Ryan Ridge. University of Michigan Press, $16.95 paperback (114p) ISBN: 978-0-472-05258-5
Find a job, get married, buy a house, have children. For most of us, this plan was laid out before we were born. But according to headlines, many of us are choosing not to get married or have children. According to headlines, Gen Y is renting instead of buying. Yet the house is the corner stone of the middle class American family. When I ask my students about the American Dream, someone always says, “A house with a white picket fence.” While the specifics may vary, the significance of basements and attics, of windows and driveways, offer common ground. Ryan Ridge’s American Homes offers a look at that significance through satire and nostalgia. The book examines and exhausts the home. And in doing so, it honors, pokes fun at, and mourns the American Dream.
The book is broken into three parts: Part III (anatomy), Different Voices/Different Rooms, and Ideas. Each explores American homes with puns, faux history/statistics, and slips into the poignant. Part III is a manual for American homes, detailing the purpose and history of porches, doors, windows, roofs, etc. The voice is instructional, and the matter-of-fact tone adds to the humor, using statistics from the “Nu American Center for Statistical Analysis (NACSA).” The basement door is the scariest door because, “in five homes out of ten, strange things happen.” When describing porches, it’s important to note, “a person appears 40% more attractive with a cigarette in his or her hand.” Think Cortazar’s Instructions from Cronopios y Famas mixed with the utilitarian voice of a Saunders short story. The narrator catalogues everything from the bedroom door, “AKA Cupid’s Flap,” to garage sales, “Name applied to black market items sold and resold (and sometimes traded) by American Homeowners in a tax-free zone.”
The word American is important throughout the book. These are not simply referenced as homes, but American Homes. Not just driveways but American Driveways. American Homeowners. And because all good humor needs some blood on the floor, American Homes also offers critique of America. In the section on garages: “Since most American automobiles are powered by foreign oil, it is necessary for the Land of American Homes (AKA “U.S.”) to battle the Land of Foreign Oil (AKA “Them”)...” Sheds are, “spiritual structures used for storage and hobbies and the beating of disobedient children. Often found in Backyards, American Sheds are not dissimilar to American churches in that they provide comfort and solace…” Porches belong to smokers, but once belonged to slave owners.
In Part III, the narrator’s voice occasionally betrays the instructional tone, giving us a taste of the character behind the “facts”. By Different Voices/Different Rooms, the narrator gives in: “I, the Narrator, living in an apartment with no basement. I, the Narrator, visiting my parents’ basement in Non-fictionville.” Where Part III feels like prose, this section feels like poetry. Where Part III is tighter, this section is more unwieldy. The narrator knows we’re in on the joke. The narrator is waxing nostalgic.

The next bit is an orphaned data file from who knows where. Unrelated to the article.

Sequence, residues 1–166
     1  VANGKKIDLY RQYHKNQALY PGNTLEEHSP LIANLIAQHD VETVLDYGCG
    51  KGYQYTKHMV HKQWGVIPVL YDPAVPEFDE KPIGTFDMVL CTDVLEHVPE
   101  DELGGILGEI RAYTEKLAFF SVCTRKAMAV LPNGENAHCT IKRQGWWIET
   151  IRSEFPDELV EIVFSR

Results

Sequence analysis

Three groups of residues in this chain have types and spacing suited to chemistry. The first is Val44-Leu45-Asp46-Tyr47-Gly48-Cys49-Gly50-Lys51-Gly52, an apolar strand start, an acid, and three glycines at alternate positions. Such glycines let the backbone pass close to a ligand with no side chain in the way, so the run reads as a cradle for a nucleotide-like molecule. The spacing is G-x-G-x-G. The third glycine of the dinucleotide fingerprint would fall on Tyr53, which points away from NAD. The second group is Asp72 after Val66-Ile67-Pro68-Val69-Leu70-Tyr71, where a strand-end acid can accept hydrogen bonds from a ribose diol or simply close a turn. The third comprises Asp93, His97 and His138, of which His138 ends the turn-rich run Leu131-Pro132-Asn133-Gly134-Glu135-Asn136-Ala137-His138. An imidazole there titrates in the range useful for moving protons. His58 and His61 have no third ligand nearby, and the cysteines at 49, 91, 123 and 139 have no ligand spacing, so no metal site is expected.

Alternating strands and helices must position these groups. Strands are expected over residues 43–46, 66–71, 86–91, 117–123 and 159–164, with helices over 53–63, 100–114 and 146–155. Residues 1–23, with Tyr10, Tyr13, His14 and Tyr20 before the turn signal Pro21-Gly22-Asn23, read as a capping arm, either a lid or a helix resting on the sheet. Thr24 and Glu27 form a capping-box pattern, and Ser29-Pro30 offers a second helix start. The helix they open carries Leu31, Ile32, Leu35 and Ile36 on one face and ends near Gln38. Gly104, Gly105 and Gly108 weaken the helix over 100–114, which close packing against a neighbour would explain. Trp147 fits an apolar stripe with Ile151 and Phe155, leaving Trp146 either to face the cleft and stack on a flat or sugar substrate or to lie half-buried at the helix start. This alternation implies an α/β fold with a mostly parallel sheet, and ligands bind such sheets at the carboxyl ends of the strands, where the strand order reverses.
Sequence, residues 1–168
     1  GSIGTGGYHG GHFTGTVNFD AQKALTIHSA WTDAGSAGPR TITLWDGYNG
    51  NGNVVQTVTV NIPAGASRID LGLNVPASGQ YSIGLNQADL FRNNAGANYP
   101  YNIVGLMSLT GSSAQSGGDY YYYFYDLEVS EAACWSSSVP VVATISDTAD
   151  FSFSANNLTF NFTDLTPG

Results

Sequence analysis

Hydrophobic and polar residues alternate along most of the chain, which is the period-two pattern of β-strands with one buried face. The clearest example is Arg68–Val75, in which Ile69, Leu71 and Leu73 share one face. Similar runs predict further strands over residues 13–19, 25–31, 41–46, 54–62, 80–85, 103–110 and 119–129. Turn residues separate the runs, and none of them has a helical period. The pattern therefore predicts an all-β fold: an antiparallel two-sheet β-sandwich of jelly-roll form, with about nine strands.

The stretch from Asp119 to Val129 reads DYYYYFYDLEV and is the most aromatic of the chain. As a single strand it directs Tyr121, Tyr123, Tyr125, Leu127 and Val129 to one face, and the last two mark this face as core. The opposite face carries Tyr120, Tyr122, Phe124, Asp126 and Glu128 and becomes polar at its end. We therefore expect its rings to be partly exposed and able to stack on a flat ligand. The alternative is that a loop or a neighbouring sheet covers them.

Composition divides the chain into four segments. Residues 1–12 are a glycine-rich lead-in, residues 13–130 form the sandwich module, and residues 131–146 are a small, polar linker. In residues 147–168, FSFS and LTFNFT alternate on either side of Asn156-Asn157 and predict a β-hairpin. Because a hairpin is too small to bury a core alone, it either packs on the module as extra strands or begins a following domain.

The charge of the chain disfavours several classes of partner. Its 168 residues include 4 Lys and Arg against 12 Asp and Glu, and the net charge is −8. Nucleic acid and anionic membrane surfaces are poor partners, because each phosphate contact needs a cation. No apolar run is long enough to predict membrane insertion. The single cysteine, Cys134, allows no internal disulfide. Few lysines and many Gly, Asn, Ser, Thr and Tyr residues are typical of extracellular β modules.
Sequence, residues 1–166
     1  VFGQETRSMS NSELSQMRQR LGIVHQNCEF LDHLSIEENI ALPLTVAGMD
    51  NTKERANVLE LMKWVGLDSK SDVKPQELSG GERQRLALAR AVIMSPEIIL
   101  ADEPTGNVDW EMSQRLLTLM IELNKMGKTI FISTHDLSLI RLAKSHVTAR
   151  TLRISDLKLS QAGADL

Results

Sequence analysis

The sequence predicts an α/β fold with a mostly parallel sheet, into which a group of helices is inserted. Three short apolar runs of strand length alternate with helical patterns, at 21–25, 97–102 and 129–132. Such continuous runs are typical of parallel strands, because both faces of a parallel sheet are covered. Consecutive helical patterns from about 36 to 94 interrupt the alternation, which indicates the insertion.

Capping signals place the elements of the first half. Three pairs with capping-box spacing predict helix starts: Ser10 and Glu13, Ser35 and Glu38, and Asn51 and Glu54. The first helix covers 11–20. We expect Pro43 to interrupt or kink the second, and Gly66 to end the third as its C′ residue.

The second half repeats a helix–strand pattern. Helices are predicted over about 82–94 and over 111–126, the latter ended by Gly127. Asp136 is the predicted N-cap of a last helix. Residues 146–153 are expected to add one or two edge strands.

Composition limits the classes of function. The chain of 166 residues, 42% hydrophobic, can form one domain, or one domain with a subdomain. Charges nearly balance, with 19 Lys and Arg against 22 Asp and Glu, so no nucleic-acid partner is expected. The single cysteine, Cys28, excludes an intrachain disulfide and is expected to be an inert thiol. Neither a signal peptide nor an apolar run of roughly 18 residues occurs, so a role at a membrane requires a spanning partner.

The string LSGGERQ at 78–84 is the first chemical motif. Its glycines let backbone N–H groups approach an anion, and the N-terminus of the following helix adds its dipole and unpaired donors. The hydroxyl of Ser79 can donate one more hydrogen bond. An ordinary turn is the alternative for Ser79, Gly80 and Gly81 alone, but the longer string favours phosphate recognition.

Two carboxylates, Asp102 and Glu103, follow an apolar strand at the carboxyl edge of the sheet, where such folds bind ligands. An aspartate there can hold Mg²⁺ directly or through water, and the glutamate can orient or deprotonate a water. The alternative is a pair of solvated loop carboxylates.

But the faux history, the puns, and the humor are still there. We return to “quotes” and “anecdotes” from presidents, musicians, writers, inventors, the ghost of presidents, and historical figures. According to this history, when Patrick Henry kept his wife in the basement to treat her mental illness, she “originally coined the phrase Give Me Liberty or Give Me Death.” And the ache of the American dream via the American home is still present: “My own father kept his Vietnam War medals in the attic until one Christmas my mother framed them and gave the frame to him as a gift. Now the framed medals are in the same attic, collecting dust.”
The book ends with Ideas, which is exactly what it sounds like: ideas about houses. I imagine the narrator and his stoner buddies on porch swings imparting their million dollar suggestions for home improvement: “Build an antenna with a signal strong enough to pick up local singles without leaving your American Home. *NOTE: This idea later became the internet.”
Each section is accompanied by the drawings of Jacob Heustis, which fittingly emulate diagrams. However, there are smudges in the corners, almost illegible handwritten labels, cartoon images. They lie between diagram and notebook doodle, like our narrator in American Homes, like many Americans making their future right now, between plans and dreams. (December 2014)
Purchase American Homes HERE.
Reviewer bio: Christy Crutchfield is the author of the novel How to Catch a Coyote. Her work has appeared in Tin House, Mississippi Review, Salt Hill Journal, Juked, and others. Visit her at christycrutchfield.com